In the stories that we often hear about Vincent de Paul, many touch upon his “love of the poor.” For Vincent, this meant recognizing the sacred dignity of persons so often abandoned and marginalized in seventeenth-century French society. He understood that God was present in and through them. His work began with those in rural communities who did not have the resources, services, or opportunities necessary to survive and thrive physically and spiritually. Eventually, his work also included those he encountered in urban Paris, such as abandoned children and the sick, as well as the galley slaves that he encountered through his connection to Monsieur de Gondi, a French naval officer.
Vincent de Paul’s sense of mission resonates with what we now know as Catholic Social Thought (CST) or Catholic Social Teaching, a body of thinking and practice that has emerged over the last 125 years in the Catholic Church. In both Vincent’s example and in CST there exists a principle known commonly as the “preferential option for the poor.” Even as we understand God’s love for all people, this principle suggests we see God’s way more fully when we understand that those suffering from poverty and marginalization need distinctive aid and attention. Demonstrating love involves helping the marginalized to overcome and change oppressive situations and systems that do not enable them the opportunity to thrive either as individuals or in communities.
We see this theological principle reflected in Vincent’s mission to the rural poor. We see it in the Abrahamic traditions, most poignantly in the stories of Moses leading the Hebrew people to liberation from their oppression in Egypt. We also see it when we understand Jesus as a liberator, one who sides with the downtrodden and recognizes them at a common table. In other words, in the Vincentian and Catholic tradition, God has a distinctive love for the poor and the oppressed precisely because God’s aim is a justice that enables the flourishing of all people and all Creation. Theologian James Cone once said: “God’s liberation of the poor is the primary theme of Jesus’ gospel.”1 This is the story of who God is and always has been. It is also who we are invited to be and to imitate through our actions and Vincentian mission. Unfortunately, however, we also know that the image and theology of God as liberator can be preached but not actually put into practice.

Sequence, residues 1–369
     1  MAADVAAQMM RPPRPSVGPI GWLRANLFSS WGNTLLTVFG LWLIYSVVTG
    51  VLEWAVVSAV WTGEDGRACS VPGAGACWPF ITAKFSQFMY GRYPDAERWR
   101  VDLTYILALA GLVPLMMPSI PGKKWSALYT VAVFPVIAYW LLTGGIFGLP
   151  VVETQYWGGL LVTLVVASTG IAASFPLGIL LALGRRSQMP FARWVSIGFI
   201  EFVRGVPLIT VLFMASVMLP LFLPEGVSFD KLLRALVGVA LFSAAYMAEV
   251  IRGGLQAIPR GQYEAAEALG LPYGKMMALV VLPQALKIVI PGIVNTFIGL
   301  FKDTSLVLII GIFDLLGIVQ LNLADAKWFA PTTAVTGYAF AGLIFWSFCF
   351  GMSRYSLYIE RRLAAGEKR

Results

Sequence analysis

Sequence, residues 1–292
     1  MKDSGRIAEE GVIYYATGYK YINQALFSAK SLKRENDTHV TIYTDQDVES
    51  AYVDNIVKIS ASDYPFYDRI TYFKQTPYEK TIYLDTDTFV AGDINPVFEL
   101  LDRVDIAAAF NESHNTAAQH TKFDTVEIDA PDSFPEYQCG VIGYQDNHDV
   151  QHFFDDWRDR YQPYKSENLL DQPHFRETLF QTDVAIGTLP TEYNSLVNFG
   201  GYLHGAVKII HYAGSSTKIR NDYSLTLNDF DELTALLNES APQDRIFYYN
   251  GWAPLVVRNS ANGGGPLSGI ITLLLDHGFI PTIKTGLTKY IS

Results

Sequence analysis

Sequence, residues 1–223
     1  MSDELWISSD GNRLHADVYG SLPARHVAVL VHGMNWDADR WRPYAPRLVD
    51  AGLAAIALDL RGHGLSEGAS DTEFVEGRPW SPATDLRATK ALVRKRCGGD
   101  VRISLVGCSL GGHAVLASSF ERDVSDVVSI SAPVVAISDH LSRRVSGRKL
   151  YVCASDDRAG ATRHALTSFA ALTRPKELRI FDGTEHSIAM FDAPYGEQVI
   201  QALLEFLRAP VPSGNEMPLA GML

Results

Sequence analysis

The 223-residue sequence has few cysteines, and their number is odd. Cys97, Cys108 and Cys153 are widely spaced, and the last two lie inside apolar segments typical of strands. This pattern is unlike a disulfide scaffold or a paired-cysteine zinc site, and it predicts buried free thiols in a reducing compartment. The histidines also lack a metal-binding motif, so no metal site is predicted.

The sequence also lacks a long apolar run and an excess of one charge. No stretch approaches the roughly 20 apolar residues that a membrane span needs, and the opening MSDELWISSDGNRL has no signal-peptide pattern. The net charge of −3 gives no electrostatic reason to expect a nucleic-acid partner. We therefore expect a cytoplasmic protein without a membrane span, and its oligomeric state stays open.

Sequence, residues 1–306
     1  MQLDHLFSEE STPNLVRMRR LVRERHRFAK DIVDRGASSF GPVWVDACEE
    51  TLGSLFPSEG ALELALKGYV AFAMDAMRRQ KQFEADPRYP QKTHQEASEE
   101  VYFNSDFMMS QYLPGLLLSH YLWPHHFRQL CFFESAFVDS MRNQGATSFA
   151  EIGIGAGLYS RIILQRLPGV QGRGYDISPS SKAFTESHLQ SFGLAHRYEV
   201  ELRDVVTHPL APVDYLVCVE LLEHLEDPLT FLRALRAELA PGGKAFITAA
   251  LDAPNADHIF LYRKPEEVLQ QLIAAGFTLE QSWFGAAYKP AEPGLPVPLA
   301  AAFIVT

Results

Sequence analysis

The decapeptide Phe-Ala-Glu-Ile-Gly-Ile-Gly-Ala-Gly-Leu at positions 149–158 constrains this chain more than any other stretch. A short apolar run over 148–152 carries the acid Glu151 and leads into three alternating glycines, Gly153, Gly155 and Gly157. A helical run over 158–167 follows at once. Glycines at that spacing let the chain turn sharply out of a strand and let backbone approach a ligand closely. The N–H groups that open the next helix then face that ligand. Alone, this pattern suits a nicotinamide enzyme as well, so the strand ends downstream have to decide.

This narrative about Vincent de Paul and the Catholic-Christian tradition serves as a lens through which to view society and our vocation. Who amongst us is being marginalized by the economic, political, and social structures that govern our society? What systems or social habits of thinking or doing exist that do not enable the flourishing of all?
This Saturday we celebrate Juneteenth (short for June 19th) in the United States, a holiday which commemorates the emancipation of enslaved people in our country. This commemoration began in recognition of the day in 1865 when federal troops arrived in Galveston, Texas, to take control of the state and ensure the enforcement of the Emancipation Proclamation.
First issued by President Abraham Lincoln on January 1, 1863, one should note that it took more than two years after the proclamation was read for the abolition of slavery to be enforced in Texas, as well as in other Confederate-controlled areas. This example illustrates that emancipation from systems of oppression can be publicly proclaimed without being acted upon or fully realized. In fact, nearly two hundred years later, we are still seeking to bridge a gap between the freedoms from oppression promised in the proclamation and the reality faced by persons of color in our nation today.
Our Vincentian mission challenges us to continue the ongoing work of narrowing this gap between words and actions, between our ideals and reality, both individually and systemically. Vincent reminds us, “We have to preach mainly by good example.”2 If the God we proclaim is a liberator who seeks justice that enables all to flourish, this is also our charge. There is always more to do in our personal lives, in our institutions, and in our society to realize this vision. Juneteenth reminds us yet again that the work needed to fulfill the freedoms declared in the Emancipation Proclamation continues.
What might you do this summer in your own life and your work at DePaul to bridge the gap between your words or ideals and your actions, particularly related to the work of racial justice? How might you help contribute to DePaul being an institution that more fully realizes the mission, values, commitments and ideals that we proclaim?
1 James H. Cone, The Cross and the Lynching Tree (Maryknoll, N.Y.: Orbis Books, 2011), 154.
2 Conference 134, Method to be Followed in Preaching, 20 August 1655, CCD, 11:252.
Reflection by: Mark Laboe, Associate VP, Division of Mission and Ministry